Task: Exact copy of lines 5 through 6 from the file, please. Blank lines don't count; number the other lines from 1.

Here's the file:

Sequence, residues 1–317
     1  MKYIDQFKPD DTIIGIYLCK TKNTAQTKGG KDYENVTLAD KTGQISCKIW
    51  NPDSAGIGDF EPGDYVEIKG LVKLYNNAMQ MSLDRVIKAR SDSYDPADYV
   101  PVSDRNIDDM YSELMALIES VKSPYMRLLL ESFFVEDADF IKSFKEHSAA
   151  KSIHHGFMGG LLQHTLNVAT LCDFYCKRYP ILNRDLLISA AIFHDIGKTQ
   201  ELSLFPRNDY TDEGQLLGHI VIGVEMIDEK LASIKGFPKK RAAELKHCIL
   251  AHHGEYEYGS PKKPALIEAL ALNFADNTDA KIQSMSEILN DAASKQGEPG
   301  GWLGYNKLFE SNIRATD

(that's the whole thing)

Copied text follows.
   151  KSIHHGFMGG LLQHTLNVAT LCDFYCKRYP ILNRDLLISA AIFHDIGKTQ
   201  ELSLFPRNDY TDEGQLLGHI VIGVEMIDEK LASIKGFPKK RAAELKHCIL